Observe the child’s ability to wait for something he wants.
Bring a treat (acceptable to parents) or a very exciting toy to a play session. Show the child the treat or special toy to make sure this is something that is highly desirable to the child. Leave the item visible to the child while you play. Tell the child he can have the item before he leaves.
Observe the child’s reaction to the item. (You want the child to really want it!) If the child looks at the item frequently or talks about it, that means it is desired. Watch what strategies (if any) help the child postpone gratification. The child may verbally state that he will get the item later? May ask how much longer he needs to wait, etc. Some children may not be able to wait and demand the item immediately.
Explain the importance of delayed gratification to parents. The ability to control impulses is a key trait of successful learners and will help the child throughout life. Help early childhood educators and parents learn how to extend the child’s ability to wait by using “When…then…” statements. “When you are done with pick-up then you can go outside.” “When I am done … then we can…” Build up the wait time, so the child learns to control impulses.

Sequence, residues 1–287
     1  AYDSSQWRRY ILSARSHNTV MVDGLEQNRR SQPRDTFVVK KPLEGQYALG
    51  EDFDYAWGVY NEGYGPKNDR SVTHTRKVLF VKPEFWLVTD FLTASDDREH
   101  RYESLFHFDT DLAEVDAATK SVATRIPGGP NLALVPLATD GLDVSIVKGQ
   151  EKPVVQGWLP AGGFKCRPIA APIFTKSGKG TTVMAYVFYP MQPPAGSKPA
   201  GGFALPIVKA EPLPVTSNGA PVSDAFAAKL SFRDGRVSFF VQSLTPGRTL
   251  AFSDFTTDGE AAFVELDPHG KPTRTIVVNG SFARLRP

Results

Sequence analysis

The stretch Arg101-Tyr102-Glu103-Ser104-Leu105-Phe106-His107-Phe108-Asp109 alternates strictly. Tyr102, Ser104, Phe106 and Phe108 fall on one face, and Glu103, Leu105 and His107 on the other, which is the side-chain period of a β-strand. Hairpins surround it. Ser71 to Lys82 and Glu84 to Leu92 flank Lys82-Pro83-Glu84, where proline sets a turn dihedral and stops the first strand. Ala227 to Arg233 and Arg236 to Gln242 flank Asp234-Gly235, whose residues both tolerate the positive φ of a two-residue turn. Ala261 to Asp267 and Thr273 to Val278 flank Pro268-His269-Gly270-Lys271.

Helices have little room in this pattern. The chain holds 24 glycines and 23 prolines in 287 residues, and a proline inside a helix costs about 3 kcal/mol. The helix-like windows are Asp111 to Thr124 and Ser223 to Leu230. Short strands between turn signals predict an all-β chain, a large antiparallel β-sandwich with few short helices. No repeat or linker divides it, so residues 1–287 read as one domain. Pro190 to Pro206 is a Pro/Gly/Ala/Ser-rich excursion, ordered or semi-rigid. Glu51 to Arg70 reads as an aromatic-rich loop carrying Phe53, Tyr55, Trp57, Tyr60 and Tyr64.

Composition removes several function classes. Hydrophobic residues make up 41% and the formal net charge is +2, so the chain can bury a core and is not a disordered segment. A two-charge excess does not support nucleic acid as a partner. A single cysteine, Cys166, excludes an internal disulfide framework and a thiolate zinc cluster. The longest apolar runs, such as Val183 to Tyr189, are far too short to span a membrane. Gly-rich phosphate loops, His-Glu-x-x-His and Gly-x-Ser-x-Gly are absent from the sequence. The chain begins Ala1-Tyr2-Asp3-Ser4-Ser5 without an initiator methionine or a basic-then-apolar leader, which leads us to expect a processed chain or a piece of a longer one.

North Carolina Department of Public Instruction, 2015
©2015 by the North Carolina Department of Public Instruction. This work is licensed under the Creative Commons Attribution-NonCommercial-ShareAlike 4.0 International License. To view a copy of this license, visit https://creativecommons.org/licenses/by-nc-sa/4.0/.